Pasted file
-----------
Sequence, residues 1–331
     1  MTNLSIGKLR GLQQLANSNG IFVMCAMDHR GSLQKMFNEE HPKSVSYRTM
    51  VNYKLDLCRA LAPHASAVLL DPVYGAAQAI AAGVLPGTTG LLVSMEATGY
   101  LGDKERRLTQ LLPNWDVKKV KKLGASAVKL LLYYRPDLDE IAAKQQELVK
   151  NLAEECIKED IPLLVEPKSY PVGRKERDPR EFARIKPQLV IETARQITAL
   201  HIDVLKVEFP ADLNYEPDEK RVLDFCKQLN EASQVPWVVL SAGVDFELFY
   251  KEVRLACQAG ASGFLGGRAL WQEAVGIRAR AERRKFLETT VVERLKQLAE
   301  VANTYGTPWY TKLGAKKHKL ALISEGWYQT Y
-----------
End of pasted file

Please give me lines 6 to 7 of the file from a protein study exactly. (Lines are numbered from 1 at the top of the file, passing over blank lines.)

   201  HIDVLKVEFP ADLNYEPDEK RVLDFCKQLN EASQVPWVVL SAGVDFELFY
   251  KEVRLACQAG ASGFLGGRAL WQEAVGIRAR AERRKFLETT VVERLKQLAE